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Sunday, June 15, 2014

Sorry, Cookie, but Virgil's Barbecue Road Trip Cookbook may not be for you

As I sit to write this review of the new cookbook, “Virgil’s Barbecue Road Trip Cookbook,” I am reminded of the old Pace Picante television commercials.

In the memorable ad, a group of cowboys is gathered around a camp dinner. A cowboy finishes off the last of the Pace sauce and the camp cook, “Cookie,” hands him a jar of another brand of salsa. The cowboy looks at the contents of the other salsa and angrily says, “This stuff’s made in New York City!”

Soon, someone’s asking for a rope, and an announcer says, “Pick up the original.”

By using this comparison, I am not suggesting that Virgil’sReal Barbecue, a fixture near Times Square in New York City, is that bad. The restaurant, founded by Artie Cutler in 1994, was started as an attempt to bring barbecue to the Big Apple.

As discussed in the book’s introduction, Cutler realized that that “authentic barbecue is like a big old tree that grows from four different regional roots: Memphis, the Carolinas, Kansas City and Texas.” 

He, his wife Alice and his business partners went on a road trip that many of us would covet, driving across the South, tasting everyone’s pulled pork, spare ribs, chicken, beef brisket and “just about everything else that’s ever found its way onto a grill.”

According to the book, they ate at eight barbecue restaurants or roadhouses in one day.

The intelligence they gathered was then used to open Virgil’s at 152 West 44th Street (there also are locations at the Atlantis resort in the Bahamas and the Mohegan Sun Casino in Connecticut).

In the interests of full disclosure, I have never eaten at Virgil’s. Many reviewers at sites such as Yelp, TripAdvisor, OpenTable and Urbanspoon will attest to its quality. But many others question whether it can be “bonified,” as some Southerners might put it.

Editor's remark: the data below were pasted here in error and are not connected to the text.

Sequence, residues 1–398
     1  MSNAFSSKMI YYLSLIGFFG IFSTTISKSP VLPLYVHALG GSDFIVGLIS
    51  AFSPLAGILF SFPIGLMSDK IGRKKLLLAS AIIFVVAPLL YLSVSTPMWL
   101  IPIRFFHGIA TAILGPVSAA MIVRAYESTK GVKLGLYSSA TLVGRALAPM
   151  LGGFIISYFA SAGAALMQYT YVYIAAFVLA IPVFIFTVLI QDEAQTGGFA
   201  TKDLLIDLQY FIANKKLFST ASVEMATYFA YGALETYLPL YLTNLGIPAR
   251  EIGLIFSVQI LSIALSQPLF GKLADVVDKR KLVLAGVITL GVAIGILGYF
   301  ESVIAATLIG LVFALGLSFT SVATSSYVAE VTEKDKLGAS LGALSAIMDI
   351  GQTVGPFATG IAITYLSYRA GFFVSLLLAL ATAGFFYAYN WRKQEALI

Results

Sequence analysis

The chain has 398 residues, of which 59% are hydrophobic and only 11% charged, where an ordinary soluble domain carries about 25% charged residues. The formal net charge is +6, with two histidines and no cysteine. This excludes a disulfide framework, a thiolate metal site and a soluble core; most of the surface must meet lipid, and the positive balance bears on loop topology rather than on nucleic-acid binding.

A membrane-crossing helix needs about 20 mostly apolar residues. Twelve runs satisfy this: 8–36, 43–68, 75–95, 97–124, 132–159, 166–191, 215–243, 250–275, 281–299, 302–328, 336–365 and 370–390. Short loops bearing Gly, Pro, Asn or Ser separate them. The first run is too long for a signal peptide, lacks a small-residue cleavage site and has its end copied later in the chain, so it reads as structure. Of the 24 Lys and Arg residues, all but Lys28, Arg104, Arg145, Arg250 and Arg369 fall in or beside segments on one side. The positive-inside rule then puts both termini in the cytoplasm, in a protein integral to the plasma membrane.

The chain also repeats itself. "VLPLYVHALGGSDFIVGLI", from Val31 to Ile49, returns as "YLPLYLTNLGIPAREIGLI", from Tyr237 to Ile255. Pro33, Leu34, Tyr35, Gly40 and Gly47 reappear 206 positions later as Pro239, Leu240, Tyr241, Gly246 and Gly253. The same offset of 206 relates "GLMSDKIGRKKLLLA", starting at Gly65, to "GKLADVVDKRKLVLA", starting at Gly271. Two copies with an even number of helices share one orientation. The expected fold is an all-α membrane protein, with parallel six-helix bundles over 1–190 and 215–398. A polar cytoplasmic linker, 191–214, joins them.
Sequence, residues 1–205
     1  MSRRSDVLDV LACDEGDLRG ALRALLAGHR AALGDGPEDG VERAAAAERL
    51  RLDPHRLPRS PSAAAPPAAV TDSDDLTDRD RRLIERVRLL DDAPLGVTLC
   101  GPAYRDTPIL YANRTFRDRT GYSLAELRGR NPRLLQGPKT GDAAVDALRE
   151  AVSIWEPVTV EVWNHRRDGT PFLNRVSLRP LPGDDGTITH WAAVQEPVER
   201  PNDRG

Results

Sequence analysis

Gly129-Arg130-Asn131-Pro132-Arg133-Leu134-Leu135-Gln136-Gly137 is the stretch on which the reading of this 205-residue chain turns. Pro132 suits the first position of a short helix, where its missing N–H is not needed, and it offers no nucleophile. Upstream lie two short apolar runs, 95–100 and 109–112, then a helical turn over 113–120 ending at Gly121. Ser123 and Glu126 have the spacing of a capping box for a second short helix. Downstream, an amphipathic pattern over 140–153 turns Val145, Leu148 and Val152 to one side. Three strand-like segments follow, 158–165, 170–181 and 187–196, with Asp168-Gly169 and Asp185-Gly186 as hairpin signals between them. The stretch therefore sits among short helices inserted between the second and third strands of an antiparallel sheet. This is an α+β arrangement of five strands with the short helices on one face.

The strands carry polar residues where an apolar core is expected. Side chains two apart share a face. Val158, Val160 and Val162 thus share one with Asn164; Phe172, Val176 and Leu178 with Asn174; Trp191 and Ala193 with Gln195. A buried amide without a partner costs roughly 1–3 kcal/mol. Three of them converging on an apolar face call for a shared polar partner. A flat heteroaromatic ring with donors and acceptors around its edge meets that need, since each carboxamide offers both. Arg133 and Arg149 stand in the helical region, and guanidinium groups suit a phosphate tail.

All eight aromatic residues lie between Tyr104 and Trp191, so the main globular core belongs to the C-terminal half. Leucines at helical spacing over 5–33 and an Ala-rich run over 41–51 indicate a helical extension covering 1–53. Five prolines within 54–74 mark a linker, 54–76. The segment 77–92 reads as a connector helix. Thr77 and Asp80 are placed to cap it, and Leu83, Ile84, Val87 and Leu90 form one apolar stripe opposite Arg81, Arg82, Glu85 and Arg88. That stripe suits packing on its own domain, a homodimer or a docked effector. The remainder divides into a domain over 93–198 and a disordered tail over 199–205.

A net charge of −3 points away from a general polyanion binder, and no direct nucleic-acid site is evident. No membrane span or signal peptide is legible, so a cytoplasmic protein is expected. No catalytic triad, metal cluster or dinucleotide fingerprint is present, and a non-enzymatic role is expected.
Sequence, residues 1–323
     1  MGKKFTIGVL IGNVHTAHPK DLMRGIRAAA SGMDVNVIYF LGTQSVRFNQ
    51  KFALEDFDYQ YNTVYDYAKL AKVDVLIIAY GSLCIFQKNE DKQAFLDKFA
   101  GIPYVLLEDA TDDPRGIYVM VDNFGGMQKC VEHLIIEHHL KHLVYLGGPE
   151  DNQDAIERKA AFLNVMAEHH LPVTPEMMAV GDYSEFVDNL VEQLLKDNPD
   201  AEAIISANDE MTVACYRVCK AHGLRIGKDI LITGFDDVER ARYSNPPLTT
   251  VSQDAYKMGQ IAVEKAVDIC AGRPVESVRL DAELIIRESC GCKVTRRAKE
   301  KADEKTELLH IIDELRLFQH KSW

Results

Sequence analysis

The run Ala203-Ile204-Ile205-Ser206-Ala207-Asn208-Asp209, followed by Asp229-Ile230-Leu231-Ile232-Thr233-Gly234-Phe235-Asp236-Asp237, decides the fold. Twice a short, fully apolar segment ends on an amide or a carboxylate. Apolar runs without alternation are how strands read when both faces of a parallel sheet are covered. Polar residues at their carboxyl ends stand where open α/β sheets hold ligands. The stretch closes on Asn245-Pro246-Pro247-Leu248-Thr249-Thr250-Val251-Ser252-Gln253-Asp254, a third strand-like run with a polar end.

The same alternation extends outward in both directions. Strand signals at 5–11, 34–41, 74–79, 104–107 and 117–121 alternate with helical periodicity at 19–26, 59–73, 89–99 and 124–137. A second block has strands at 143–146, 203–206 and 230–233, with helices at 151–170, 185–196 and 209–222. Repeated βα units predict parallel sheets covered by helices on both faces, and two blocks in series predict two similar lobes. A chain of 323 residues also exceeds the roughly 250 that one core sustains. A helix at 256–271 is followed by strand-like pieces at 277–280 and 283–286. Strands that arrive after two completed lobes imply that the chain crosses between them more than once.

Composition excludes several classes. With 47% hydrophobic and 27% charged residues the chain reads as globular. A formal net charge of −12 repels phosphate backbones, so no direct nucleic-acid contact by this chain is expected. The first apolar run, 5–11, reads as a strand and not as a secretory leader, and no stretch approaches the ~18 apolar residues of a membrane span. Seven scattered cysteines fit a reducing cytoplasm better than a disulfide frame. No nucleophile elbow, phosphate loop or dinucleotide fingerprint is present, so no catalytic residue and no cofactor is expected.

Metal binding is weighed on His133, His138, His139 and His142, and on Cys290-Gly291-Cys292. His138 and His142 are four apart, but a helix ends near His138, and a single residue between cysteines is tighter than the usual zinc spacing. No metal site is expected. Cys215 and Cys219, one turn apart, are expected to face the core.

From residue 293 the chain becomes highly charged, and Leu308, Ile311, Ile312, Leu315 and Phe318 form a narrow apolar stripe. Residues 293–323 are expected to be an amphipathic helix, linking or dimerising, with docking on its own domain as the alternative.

That’s kind of where I am when I review “Virgil’s Barbecue Road Trip Cookbook (St. Martin’s Press).”

There never was a “Virgil.” When he started the restaurant, Cutler was looking to expand his restaurant empire beyond the success of his Carmine's Italian Family Style restaurants (Who was Carmine?). Cutler has passed away. Jeffrey Bank, chief executive officer of Alicart Restaurant Group, and Neal Corman, corporate executive chief of the group since 2010, oversee the restaurant today.

This book, authored by Corman with fellow New Yorker ChrisPeterson, does an alright job of presenting a review of Virgil’s many offerings, but you’ll find more depth and more useful recipes in other cookbooks.

It probably was written in order to provide additional revenue from the many tourists who walk through the doors of Virgil’s everyday – “Hey, honey, they have a cookbook …”

Last year, Corman told Thrillist's Andrew Zimmer that he doesn't believe New York barbecue is a "real thing," for which I give him a lot of credit.

“It’s great that there are different places, and I love it, but I don’t know if I’d consider it New York barbecue," Corman told Zimmer. "Everyone is entitled to their opinion, it’s just that I see it as barbecue originated somewhere else and I know we can appropriate things and change stuff around, but I just don’t see it as being an original specialty." 

Don't get me wrong, I am not suggesting that you can't get good barbecue in New York City, as evidenced by Virgil's and Adam Perry Lang's first restaurant Daisy May's BBQ USA, for example.

I hate to give this book a Bronx cheer, but it lacks the soul of real barbecue. It tries to be all things for everyone, but comes up short, a mere imitation.

Inside the front cover of the book is a map of the southeastern United States, with references to barbecue restaurants, including many iconic spots. The people behind Virgil’s pay homage, but they should have stopped there.

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